Deployment Recommendations for Application Request Routing

By Won Yoo

July 16, 2009

This section of the document applies to Microsoft Application Request Routing Version 2 for IIS 7 and Above.

Goal

To highlight and understand deployment recommendations for Application Request Routing (ARR).
This is more of a best practices document for deploying ARR Version 2 than a typical walkthrough article.

Prerequisites

This article assumes that you are familiar with the overall functionality of ARR and know how to deploy and configure ARR with disk cache. If you have not done so already, it is strongly recommended that you review the following walkthroughs before proceeding:

If Application Request Routing Version 2 has not been installed, you can download it at:

  • Microsoft Application Request Routing Version 2 for IIS 7 (x86) here.
  • Microsoft Application Request Routing Version 2 for IIS 7 (x64) here.

Follow the steps outlined in this document to install ARR Version 2.

Step 1 - Disable application pool idle time-out.

The application pool idle time-out is an IIS feature that shuts down the application pool when there is inactivity. By default the amount is set for 20 minutes, which represents:

Amount of time (in minutes) that a worker process will remain idle before it shuts down. A worker process is idle if it is not processing requests and no new requests are received.

The intent of this feature in IIS is to repurpose the resource that the application pool uses and reclaim it if the application pool is idle. This is useful if the IIS server is used to host multiple sites and applications, and it is configured to share the resources across the sites and applications.

In a typical ARR deployment scenario, this is not the case and you would actually want the application pool for ARR to be running all the time.

The steps to disable the application pool idle time-out are described in the Install Application Request Routing Version 2 article.

Step 2 - Disable application pool recycling conditions.

The application pool recycling is an IIS feature that periodically recycles the application pool. This feature is useful when you do not have a high degree of confidence in the applications that are running in your application pool (ie. in a shared hosting environment where the end user will deploy the application directly), and restarting the application pool would benefit the functionality and stability of the application. (For example, an application may have a slow memory leak. Rather than running the application indefinitely, you will recycle the application periodically to mitigate against code defects.)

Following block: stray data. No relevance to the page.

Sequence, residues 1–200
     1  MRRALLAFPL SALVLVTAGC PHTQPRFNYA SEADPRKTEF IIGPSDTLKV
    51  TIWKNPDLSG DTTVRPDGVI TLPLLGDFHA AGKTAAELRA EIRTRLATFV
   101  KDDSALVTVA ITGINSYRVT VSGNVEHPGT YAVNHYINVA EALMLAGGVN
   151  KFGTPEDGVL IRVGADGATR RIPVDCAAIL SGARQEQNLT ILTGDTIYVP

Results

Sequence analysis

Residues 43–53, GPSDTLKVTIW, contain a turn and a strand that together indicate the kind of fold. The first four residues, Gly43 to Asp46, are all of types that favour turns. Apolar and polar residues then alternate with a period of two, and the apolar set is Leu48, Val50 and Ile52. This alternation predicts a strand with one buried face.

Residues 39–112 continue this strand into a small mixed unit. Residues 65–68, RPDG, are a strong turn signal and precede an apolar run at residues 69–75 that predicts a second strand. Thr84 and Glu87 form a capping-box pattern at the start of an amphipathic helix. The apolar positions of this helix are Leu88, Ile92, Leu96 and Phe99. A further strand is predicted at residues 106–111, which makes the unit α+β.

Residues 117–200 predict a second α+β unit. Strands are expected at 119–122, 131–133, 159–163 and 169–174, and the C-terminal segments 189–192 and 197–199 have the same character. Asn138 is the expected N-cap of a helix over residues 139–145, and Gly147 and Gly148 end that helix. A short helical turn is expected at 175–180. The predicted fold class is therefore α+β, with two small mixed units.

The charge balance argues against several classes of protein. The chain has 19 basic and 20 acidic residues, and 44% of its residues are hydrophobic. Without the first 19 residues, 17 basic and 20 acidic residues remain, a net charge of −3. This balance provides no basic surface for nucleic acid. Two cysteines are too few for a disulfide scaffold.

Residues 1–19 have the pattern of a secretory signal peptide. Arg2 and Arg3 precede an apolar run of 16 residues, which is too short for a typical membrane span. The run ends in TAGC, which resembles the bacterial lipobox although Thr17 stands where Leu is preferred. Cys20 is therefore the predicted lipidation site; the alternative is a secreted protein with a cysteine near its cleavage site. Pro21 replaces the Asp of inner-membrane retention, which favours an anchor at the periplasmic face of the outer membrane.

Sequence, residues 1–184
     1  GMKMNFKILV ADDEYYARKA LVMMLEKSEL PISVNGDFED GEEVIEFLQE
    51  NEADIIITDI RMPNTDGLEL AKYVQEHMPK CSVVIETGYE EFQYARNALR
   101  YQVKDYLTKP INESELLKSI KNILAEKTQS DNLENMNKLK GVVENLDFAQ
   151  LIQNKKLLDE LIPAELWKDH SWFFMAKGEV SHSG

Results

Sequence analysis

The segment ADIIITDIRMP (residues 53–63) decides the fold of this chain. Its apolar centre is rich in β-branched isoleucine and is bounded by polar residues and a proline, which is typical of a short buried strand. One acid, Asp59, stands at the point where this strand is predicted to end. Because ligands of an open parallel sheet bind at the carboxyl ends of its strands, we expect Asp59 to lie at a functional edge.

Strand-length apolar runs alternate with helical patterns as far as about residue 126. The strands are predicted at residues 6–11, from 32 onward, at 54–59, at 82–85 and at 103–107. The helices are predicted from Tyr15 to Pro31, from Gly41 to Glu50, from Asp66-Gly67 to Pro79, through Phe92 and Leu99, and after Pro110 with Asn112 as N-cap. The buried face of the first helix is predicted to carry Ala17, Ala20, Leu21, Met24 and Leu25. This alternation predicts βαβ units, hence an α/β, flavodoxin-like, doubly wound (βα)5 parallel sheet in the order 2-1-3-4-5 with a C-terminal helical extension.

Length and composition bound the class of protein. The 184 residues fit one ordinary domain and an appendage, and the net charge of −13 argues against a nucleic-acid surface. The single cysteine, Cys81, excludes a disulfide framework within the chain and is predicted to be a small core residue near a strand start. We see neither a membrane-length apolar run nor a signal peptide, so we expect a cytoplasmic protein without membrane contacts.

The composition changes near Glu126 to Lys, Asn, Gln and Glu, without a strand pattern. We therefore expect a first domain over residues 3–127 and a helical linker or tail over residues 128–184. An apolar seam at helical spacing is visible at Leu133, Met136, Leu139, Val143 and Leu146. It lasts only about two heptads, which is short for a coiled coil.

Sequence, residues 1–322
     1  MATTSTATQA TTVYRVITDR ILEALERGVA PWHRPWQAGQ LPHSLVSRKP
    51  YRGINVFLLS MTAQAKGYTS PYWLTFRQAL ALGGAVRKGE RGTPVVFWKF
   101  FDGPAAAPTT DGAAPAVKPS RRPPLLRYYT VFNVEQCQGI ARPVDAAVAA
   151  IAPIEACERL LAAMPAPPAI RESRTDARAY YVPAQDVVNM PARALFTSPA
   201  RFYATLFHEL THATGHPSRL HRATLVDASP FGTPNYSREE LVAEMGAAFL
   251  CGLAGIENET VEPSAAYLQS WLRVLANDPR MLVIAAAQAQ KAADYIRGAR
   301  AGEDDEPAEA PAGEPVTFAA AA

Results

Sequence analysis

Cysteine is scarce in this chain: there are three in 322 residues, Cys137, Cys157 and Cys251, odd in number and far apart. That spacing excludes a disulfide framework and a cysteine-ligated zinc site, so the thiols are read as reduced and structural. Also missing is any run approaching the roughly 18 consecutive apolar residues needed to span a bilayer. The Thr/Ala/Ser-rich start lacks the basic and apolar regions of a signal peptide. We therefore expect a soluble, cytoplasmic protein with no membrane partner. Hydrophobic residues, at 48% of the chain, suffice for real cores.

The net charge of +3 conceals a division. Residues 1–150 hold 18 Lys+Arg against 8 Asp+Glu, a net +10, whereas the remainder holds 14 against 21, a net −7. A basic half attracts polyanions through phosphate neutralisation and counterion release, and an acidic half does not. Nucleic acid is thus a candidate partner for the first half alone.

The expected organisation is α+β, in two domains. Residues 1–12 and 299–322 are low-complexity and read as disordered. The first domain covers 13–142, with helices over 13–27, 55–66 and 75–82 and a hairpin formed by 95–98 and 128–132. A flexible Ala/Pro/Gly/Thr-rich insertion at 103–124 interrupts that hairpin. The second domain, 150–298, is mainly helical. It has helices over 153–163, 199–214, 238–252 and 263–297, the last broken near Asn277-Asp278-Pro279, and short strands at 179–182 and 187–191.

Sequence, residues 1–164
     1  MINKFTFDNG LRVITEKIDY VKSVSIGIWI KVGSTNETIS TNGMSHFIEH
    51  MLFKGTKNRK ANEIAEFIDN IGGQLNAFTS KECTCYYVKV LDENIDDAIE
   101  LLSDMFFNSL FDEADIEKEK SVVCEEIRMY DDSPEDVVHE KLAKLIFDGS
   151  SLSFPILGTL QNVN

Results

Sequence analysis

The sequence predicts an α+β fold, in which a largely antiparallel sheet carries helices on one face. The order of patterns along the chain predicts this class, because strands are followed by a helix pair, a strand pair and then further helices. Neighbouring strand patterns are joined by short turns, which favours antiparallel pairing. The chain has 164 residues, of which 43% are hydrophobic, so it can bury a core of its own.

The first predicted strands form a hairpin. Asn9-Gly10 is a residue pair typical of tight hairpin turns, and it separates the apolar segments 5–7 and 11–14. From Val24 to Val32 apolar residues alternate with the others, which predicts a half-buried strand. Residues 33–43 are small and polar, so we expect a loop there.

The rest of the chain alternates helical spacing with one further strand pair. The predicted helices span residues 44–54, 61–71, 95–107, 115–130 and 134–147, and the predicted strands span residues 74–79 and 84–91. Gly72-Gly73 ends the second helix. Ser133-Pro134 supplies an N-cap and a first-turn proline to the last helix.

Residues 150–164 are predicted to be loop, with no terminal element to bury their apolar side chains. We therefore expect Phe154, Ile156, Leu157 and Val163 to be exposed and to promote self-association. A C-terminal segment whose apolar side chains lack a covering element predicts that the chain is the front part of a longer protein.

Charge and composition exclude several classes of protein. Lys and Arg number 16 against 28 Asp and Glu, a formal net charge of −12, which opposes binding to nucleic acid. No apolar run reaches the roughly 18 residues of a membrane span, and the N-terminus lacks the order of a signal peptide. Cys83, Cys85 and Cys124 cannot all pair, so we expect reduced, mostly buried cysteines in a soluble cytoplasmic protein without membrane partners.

This, of course, is not ideal for ARR's use case when you expect ARR to be available all the time (and also to quickly respond all the time).

The steps to disable the application pool recycling conditions are described in the Install Application Request Routing Version 2 article.

Step 3 - Separate the cache drive location from system drive.

Although ARR supports cache drive locations that are folders, it is highly recommended that the cache drive location(s) are separated from the system drive. This is because as the number of cached contents grow to millions of objects (or even billions of objects), managing them can be a costly I/O operation. As noted in the Delete cached objects article, deleting all cached objects from all primary cache drive location(s) can take a long time, and doing a quick formatting of the drive may be a better alternative. Of course, in order to do this, you will need to separate the cache drive location(s) from the system drive.

For optimal performance, it is recommended that the cache drive location be a physically separate drive than the system drive. It is also recommended that the cache drive location be a high RPM drive (15K RPM) for better performance. If you have only one physical drive, it is still recommended to separate the system drive from the cache location drive. You can partition the same physical drive into multiple volumes using Disk Management under Server Manager.

Step 4 - Disable 8.3 name creation.

The creation of 8.3 file names and directories for all long file names and directories on NTFS partitions may decrease directory enumeration performance. Since ARR heavily uses the disk drive for its caching feature, it is recommended that 8.3 name creation is disabled.

On Windows Server 2008, the 8.3 name creation can only be disabled for the entire server. More explicitly, it cannot be configured per volume.

On Windows Server 2008 R2, this setting can be configured per volume.

More information about 8.3 name creation on NTFS is documented in KB121007. To simply disable 8.3 name creation, at the command prompt type fsutil.exe behavior set disable8dot3 1 and then press ENTER.



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